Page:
• Vol. 38 No. 2, 106–112
  • 15 February 2009

Epidemiology and Control of Hand, Foot and Mouth Disease in Singapore, 2001-2007



Introduction: We reviewed the epidemiology of hand, foot and mouth disease (HFMD) in Singapore after the 2000 epidemic caused by Enterovirus 71 (EV71), with particular reference to the cyclical pattern, predominant circulating enteroviruses and impact of prevention and control measures in preschool centres. Materials and Methods: We analysed the epidemiological data from all clinical cases and deaths of HFMD diagnosed by medical practitioners and notified to the Ministry of Health, as well as laboratory data on enteroviruses detected among HFMD patients maintained by the Department of Pathology, Singapore General Hospital, and the Microbiology Laboratory, KK Women’s and Children’s Hospital from 2001 to 2007. Results: The incidence rate was highest in the 0 to 4 years old age group, with males being predominant. Three deaths were reported between January and February 2001. Nationwide epidemics occurred periodically; the predominating circulating virus was Coxsackievirus A16 (CA16) in the 2002, 2005 and 2007 epidemics, and EV71 in the 2006 epidemic. During the epidemic years between 2005 and 2007, 2 peaks were observed. The number of institutional outbreaks had increased 10-fold from 167 in 2001 to 1723 in 2007, although most of these outbreaks were rapidly brought under control with an attack rate of less than 10%. Conclusion: HFMD remains an important public health problem in Singapore with the annual incidence rate per 100,000 population increasing from 125.5 in 2001 to 435.9 in 2007, despite stringent measures taken in preschool centres to prevent the transmission of infection. A high degree of vigilance should be maintained over the disease situation, in particular, surveillance of EV 71 which continues to cause severe complications and deaths in the region.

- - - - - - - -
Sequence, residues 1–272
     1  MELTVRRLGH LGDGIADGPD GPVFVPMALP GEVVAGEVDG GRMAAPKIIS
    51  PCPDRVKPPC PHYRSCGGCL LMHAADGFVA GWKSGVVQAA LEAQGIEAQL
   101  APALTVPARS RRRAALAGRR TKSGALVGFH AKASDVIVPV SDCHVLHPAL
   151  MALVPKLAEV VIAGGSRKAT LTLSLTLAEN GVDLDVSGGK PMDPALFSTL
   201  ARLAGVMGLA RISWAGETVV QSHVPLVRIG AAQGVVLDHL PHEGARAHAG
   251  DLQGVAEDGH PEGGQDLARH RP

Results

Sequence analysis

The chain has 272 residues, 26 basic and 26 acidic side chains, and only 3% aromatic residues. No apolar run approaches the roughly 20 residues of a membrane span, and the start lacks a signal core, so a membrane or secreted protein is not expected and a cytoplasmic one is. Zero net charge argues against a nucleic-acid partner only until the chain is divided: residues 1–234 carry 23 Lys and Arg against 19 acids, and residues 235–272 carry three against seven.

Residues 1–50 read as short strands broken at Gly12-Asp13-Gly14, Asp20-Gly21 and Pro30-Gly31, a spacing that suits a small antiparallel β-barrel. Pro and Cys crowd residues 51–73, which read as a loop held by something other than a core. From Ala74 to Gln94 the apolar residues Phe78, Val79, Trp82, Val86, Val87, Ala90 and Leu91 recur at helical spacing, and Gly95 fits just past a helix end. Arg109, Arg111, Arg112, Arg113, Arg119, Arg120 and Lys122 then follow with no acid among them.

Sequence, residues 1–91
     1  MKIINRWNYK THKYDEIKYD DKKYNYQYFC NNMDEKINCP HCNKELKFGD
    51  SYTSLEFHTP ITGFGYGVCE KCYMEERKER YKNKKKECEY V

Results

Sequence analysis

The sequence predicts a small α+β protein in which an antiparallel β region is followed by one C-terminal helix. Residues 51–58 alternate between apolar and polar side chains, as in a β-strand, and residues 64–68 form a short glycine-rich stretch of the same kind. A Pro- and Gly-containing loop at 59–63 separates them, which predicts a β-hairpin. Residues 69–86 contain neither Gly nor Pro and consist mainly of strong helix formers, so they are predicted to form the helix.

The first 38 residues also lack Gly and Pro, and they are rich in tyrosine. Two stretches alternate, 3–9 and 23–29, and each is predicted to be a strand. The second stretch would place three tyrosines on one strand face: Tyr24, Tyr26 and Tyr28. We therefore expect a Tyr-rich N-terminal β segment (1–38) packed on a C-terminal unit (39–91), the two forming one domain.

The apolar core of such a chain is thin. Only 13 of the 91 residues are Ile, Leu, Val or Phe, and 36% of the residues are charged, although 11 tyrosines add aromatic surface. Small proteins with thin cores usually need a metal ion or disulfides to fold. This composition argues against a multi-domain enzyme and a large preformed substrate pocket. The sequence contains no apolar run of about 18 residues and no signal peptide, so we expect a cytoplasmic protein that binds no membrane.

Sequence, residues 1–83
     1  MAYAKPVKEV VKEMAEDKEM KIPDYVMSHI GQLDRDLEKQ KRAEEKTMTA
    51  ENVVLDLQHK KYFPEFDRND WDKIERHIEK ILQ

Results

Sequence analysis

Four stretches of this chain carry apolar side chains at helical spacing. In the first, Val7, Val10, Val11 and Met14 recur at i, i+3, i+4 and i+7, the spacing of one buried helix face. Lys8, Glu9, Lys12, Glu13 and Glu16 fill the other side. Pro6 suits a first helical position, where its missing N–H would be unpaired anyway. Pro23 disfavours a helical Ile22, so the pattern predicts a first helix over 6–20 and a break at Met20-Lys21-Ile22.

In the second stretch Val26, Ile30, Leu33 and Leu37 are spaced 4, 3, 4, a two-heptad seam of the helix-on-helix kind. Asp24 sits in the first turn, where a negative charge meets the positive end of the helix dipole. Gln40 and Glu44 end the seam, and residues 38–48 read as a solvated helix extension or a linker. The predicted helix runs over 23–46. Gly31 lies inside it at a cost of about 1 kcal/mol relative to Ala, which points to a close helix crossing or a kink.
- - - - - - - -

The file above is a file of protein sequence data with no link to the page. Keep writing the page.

Hand, foot and mouth disease (HFMD) is a common childhood viral infection, which is typically mild and self-limiting. It is characterised by a brief prodromal fever, followed by pharyngitis, mouth ulcers and rash on the hands and feet. The disease is caused by numerous members of the Enterovirus genus of the family Picornaviridae e.g. Coxsackievirus type A (CA) and Enterovirus 71 (EV71), and the clinical features are indistinguishable. Transmission occurs from person to person through direct contact with saliva, faeces, vesicular fluid or respiratory droplets of an infected person and indirectly by contaminated articles.

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